Alice Rohrwacher’s Happy as Lazzaro conjures up the village of Inviolata as if from the distant past. The people here all seem to work as farmers, and their garb suggests peasant wear from the early 20th century. Inside one home, two sisters fight for the use of a communal lightbulb. A courting ritual between one of the girls and her suitor begins and ends as a communal effort: first with the young man surrounded by friends and singing his beloved’s name on the street, then with the couple announcing their betrothal to a large and noisy gathering of friends and family. Soon, though, we begin to catch more and more glimpses of such things as audio players and cellphones and realize that the strange lack of tension in the film between modernity, which conceives of itself as standing upon the apex of human development, and tradition indicates that a spectacle of gaslighting is at work here.
The clues that reveal that Inviolata’s residents have been obliviously trapped in amber gradually fall into place in Happy as Lazzaro’s first quarter: If life in this hamlet suggests a kind of feudal vestige it’s because the people here, across all generations, work as sharecroppers. Italy officially outlawed the practice in 1980, but it’s eventually disclosed that Inviolata’s people have been kept ignorant of this change by their overlord, Marquise Alfonsina de Luna (Nicoletta Braschi), a tobacco baroness who maintains her ruse thanks to the village being cut off from the rest of the world as a result of a massive and not-so-recent flood in the area. Though Alfonsina herself has little access to the rest of Italy, she continues to rule the area like her own personal fiefdom. When her teenage son, Tancredi (Luca Chikovani), a vision of new-wave cool in his shoulder-padded jacket and perfectly coiffed platinum hair, asks why she maintains this ruse, Alfonsina replies that giving the people their freedom would open their eyes to the fact that they were previously enslaved, potentially inspiring an uprising against her exploitation.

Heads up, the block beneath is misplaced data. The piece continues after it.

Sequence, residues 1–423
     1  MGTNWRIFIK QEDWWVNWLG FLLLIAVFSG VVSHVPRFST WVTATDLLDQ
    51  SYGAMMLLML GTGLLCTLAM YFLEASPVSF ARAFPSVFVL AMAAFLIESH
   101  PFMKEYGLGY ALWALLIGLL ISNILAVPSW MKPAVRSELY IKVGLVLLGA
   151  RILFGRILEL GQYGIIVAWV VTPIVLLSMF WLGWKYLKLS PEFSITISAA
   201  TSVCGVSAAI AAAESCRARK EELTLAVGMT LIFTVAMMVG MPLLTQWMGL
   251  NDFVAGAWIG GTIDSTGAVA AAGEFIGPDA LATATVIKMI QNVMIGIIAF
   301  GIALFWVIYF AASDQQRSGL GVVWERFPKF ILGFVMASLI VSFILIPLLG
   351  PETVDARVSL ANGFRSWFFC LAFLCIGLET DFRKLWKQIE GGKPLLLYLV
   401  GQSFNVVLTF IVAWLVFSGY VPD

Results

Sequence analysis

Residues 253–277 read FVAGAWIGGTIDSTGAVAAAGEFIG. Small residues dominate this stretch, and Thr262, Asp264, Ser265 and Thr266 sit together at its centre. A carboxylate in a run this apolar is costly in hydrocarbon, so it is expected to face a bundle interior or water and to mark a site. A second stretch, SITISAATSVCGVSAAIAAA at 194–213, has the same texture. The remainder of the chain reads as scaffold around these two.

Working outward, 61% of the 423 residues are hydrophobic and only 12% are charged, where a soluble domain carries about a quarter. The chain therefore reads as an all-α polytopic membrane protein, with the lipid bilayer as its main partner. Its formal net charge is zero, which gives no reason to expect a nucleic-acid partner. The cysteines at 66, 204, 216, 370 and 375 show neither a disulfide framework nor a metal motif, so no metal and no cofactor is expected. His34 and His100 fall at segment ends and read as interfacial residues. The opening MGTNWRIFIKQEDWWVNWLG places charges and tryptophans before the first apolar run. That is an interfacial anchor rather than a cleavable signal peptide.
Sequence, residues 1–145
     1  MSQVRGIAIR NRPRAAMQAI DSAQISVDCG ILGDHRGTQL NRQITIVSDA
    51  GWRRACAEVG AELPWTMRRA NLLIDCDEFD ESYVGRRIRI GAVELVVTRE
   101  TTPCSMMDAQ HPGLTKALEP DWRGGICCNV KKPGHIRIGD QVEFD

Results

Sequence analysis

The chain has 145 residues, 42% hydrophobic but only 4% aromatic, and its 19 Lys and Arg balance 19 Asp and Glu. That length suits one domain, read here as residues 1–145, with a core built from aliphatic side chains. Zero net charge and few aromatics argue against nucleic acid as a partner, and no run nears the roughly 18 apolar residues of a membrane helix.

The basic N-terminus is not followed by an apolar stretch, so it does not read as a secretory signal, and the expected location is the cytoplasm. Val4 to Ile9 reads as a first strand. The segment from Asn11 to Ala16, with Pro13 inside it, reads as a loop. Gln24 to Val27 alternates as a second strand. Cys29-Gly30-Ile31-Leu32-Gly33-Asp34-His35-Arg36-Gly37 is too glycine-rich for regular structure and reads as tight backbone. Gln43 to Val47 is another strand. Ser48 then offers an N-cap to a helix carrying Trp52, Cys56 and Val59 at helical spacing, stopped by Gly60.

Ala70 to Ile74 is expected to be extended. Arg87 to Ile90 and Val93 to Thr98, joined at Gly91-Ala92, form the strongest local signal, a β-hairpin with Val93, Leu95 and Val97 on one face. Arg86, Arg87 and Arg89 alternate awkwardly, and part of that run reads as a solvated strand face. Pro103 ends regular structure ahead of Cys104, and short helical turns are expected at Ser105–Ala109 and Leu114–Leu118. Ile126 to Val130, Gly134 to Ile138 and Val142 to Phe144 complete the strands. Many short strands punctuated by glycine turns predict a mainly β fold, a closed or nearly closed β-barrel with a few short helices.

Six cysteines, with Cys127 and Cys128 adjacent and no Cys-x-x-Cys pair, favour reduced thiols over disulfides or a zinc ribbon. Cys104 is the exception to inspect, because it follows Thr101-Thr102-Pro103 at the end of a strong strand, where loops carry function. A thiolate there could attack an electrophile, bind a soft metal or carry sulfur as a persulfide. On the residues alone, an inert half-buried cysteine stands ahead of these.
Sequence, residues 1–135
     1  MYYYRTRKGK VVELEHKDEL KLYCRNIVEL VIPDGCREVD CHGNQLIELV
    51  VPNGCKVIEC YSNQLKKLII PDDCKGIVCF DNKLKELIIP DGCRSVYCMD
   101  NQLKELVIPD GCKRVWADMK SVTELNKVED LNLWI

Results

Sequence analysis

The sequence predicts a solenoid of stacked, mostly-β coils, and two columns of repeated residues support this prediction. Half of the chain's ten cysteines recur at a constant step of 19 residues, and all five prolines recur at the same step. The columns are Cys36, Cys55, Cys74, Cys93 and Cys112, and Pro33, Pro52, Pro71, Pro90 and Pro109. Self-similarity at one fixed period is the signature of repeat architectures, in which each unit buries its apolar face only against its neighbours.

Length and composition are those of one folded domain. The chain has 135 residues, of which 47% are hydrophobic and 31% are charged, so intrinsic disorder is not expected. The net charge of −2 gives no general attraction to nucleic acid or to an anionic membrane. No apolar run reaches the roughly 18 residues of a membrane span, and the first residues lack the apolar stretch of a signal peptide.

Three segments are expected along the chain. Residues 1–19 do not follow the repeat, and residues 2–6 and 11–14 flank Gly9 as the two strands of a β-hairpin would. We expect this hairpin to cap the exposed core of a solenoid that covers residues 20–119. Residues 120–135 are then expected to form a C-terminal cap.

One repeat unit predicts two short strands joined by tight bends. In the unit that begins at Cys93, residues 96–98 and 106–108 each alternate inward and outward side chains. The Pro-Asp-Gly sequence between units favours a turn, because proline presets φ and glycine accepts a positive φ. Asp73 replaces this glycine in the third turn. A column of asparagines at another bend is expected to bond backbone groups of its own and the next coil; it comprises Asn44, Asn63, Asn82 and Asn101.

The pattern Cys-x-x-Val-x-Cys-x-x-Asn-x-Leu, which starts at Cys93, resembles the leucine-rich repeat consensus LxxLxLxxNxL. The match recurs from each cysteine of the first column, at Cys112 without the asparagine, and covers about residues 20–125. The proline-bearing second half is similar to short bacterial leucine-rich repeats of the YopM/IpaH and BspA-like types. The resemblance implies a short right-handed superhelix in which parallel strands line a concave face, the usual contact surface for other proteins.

Tancredi, all pouting teenage resentment, finds his emotional foil in Lazzaro (Adriano Tardiolo), a local boy whose pure guilelessness makes him amenable to any suggestion. (Tardiolo is an incredible discovery, projecting the blank innocence common to the at once awkward and naturalistic nonprofessional actors who often appeared in Roberto Rossellini and Pier Paolo Pasolini’s religious and historically revisionist films.) Tancredi cannot help but be fascinated by how easily he can manipulate his new friend, and he hatches a plan to fake his kidnapping with Lazzaro’s help. Tancredi’s goal is to extort money from the marquise and make his way to the city. This leads to the young men hiding in the region’s hills, and to Alfonsina weighing her desire to get her son back without paying the ransom money against her fear of involving police lest they discover what she’s done to Inviolata’s inhabitants.
Rohrwacher mines the untenability of Alfonsina’s position for acidic satire, using subtle visual humor to poke fun at the marquise’s blinkered perspective. Inviolata is established in drab, earthen tones, but the palette of browns shifts to deep, verdant greens whenever the marquise traverses her realm, and the expensive, colorful clothing of her entourage cuts a sharp contrast against the worn, stained clothes of her sharecroppers. The inside of the marquise’s house, however, betrays the toxicity of her life’s work, an omnipresent haze of cigarette smoke attesting both to her cash crop and the carcinogenic decay she inflicts upon herself while hoarding wealth from her indentured servants. At one point, at the end of a montage of soaring helicopter shots of various panoramas, the filmmakers even stage a visual gag worthy of Monty Python. The hypnotic tone of the scene is dispelled when the camera passes over some of Inviolata’s residents, who, upon looking up and noticing that a helicopter is filming them, panic as if they’ve seen a dragon.
This moment prefigures a sudden shift forward in time to find Inviolata’s citizens now displaced into a nearby city. Lazzaro is there, too, except when he wakes up in the future he hasn’t aged a day. This change in time and place offers expanded possibilities for the film’s strange brand of comedy, but Rohrwacher simply doubles down on her view of laborers as a perpetually exploited class, updating Inviolata’s white serfs tilling without pay to a contemporary gig economy where multiethnic indigent and immigrant workers have to underbid each other for day jobs, all while their exploiting overlords slowly rot away in self-enforced isolation. It’s a shrewd observation, but one that Rohrwacher belabors in a way that she doesn’t in the first half, which illustrates rather than insists on the theme. Still, Happy as Lazzaro is one of the sharper, and funnier, recent films to reckon with the injustices of class disparities, and its smartest joke is centering its satire on its hyperbolically innocent protagonist, whose Candide-like naïveté makes him the object of fascination and reflexive resentment of nearly everyone he meets.